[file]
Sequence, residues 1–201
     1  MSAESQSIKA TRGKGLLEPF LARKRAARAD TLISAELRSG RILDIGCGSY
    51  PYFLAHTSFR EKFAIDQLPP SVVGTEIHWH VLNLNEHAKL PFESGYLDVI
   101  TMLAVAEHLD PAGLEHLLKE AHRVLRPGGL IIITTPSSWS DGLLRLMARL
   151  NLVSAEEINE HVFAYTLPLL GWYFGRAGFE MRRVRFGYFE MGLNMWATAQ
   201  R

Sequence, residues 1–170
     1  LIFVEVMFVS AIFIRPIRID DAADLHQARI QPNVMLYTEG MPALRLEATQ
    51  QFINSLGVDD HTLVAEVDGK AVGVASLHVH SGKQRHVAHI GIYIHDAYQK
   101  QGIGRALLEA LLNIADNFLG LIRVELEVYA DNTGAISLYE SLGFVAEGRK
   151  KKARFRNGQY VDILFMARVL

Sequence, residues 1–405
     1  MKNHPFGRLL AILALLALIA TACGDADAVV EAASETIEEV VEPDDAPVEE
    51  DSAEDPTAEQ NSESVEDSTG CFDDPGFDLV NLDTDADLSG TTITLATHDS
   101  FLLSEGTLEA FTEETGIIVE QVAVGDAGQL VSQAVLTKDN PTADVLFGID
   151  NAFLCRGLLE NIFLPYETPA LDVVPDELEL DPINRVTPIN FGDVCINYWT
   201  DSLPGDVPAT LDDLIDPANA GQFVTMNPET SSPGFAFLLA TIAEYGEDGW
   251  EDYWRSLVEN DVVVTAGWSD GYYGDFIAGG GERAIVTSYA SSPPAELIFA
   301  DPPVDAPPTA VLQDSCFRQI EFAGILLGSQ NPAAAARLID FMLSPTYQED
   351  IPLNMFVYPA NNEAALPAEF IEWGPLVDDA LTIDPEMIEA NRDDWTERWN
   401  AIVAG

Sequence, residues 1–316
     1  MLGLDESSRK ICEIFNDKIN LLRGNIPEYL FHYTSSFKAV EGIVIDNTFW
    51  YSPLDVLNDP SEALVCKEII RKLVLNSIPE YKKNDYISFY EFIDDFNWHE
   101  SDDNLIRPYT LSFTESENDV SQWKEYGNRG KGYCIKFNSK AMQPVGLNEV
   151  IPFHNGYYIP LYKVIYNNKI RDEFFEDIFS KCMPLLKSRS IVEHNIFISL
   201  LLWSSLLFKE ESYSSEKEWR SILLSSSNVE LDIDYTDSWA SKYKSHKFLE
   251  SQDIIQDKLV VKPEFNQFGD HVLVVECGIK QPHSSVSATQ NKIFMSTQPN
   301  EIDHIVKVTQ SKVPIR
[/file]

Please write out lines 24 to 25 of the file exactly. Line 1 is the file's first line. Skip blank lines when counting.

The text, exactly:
    51  YSPLDVLNDP SEALVCKEII RKLVLNSIPE YKKNDYISFY EFIDDFNWHE
   101  SDDNLIRPYT LSFTESENDV SQWKEYGNRG KGYCIKFNSK AMQPVGLNEV